Shirley Deweber Swan (62)
St. Maries, ID

From: Linda Wellman Mathisen (64)

To Dennis Cresswell and Don Goulet,
  I remember the night the old Longfellow School caught fire (I was about 4 yrs. old) - the sky was lit up, so my folks, my brother, John and I got in the car and drove as close as we could get. I think most of Pasco was standing around watching it burn. Mom and Dad were talking about it being the original high school until the "new" high school was built (McLaughlin Jr. High). My Dad got into a lot of trouble painting the top of the flagpole at McLoughlin as a prank, back in 1922. I've got a photo of my father and the rest of Pasco High's Football team from 1923. They wore leather helmets back then. Dad always said he didn't get hurt much during the Pasco/Kennewick Homecoming game - it was after when the fights broke out that he sustained a broken nose and loose teeth.

To Don Goulet,
  I remember Miss Chess very fondly. She lived right across the street from me with a 6th grade teacher (I can't recall her name). I remember kindergarten with Miss Williams, where we had to line up at the door to our classroom following recess, and often the first one in line would be "rewarded" by getting to pick an activity, or something. One day I was racing to the door trying to be first, and Sandi Maurstad (64) got there ahead of me. Because I wasn't the most coordinated individual on the planet, and couldn't stop myself, I hit Sandi full on, knocking her into the glass door thereby breaking the glass. I was called to the Principal's office - Miss Chess - and I just knew my school career was over.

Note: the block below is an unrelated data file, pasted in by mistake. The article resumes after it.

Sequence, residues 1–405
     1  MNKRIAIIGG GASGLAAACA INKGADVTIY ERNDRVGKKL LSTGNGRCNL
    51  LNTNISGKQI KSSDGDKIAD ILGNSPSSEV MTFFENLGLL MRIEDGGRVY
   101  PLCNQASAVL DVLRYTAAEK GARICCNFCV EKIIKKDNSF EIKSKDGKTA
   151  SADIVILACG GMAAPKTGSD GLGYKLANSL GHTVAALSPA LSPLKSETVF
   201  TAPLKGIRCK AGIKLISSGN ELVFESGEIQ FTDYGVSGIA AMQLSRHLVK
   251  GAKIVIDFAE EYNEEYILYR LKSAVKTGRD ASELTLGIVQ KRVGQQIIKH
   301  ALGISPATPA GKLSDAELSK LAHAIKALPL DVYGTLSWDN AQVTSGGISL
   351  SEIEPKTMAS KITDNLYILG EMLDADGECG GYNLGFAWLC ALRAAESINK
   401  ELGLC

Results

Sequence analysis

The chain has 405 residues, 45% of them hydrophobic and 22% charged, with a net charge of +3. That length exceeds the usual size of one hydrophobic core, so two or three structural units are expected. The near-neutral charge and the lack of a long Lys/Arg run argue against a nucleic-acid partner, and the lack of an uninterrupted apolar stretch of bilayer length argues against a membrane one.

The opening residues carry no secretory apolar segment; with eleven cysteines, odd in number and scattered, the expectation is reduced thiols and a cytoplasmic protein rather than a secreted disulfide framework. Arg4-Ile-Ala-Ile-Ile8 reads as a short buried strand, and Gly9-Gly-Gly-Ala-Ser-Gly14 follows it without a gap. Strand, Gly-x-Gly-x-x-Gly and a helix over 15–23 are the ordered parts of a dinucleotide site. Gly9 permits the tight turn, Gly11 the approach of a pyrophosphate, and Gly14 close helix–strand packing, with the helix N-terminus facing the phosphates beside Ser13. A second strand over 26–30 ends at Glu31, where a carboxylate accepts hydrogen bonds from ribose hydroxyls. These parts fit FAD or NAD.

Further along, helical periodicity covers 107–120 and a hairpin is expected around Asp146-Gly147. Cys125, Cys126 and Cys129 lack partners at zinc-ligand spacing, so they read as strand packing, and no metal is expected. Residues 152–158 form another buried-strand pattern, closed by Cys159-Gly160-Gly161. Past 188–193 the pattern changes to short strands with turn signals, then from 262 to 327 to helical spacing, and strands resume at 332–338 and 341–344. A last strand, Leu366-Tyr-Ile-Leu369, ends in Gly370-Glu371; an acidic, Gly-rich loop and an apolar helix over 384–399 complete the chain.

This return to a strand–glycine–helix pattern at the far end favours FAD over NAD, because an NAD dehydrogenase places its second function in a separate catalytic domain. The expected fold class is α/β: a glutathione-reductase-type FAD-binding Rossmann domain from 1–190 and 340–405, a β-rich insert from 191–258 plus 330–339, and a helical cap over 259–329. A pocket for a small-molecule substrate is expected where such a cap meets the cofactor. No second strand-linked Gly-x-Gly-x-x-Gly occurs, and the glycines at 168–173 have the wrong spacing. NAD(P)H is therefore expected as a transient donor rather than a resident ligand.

Thankfully, Miss Chess was very kind, assured me that Sandi was going to live, and that I just needed to be more careful. My folks enrolled me in ballet/tap classes with Mr. Hoffman in the hopes I would become more coordinated shortly thereafter.

  I also remember Mr. Kosnick, his fingernail on the blackboard routine, and his "spat" board. I believe Frank Robinson received 3 spats one day for dropping a dead bee in my lap. I remember this bee flying around the room and landing right by my desk. Frank got up and stepped on it - and became my short-lived hero. He apparently went back to his seat and peeled the carcass off the bottom of his shoe, then dropped it over my shoulder into my lap. When I looked down and saw it there I yelled, "Oh, Mr. Kosnick!" then burst into tears. Mr. Kosnick came running back to my desk, removed the offending critter, then looked around the room and said, "OK, who did this?" in a VERY unpleasant voice. Frank raised his hand, and out the door they marched. We all heard the 3 hits - and I felt guilty for being such a wuss.
  I'm still deathly afraid of bees, so I guess we don't necessarily grow out of childhood fears.

  I remember Mrs. Walters - do you suppose that red hair was natural? - and Miss Johnson. I didn't ever want to leave her class. Anyone remember Miss Elrod (she became Mrs. Hawkins)? I remember how we were so in awe when she became engaged, then got married. She seemed to be so "proper" some of us girls just couldn't imagine her being "in love." When I was an adult I joined the Columbia Chorale. Mrs. Hawkins sang with the group as well - she had a marvelous voice - and we did some reminiscing. How perspectives change as you grow older!

  Lastly, one of my fondest memories is gathering wood for, building, then guarding the Homecoming bonfire. We were told it was our responsibility to make sure the Kennewick folks couldn't get near it to burn it down before the pre-game activities. We certainly didn't want to fail at this momentous task, and I remember "patrolling" the perimeter with a baseball bat in my hand (I don't know what I would have done with it), ready to raise the alarm should I spot a Kennewick-ite. Those really were fun times.

Linda Wellman Mathisen (64)
Scappoose, OR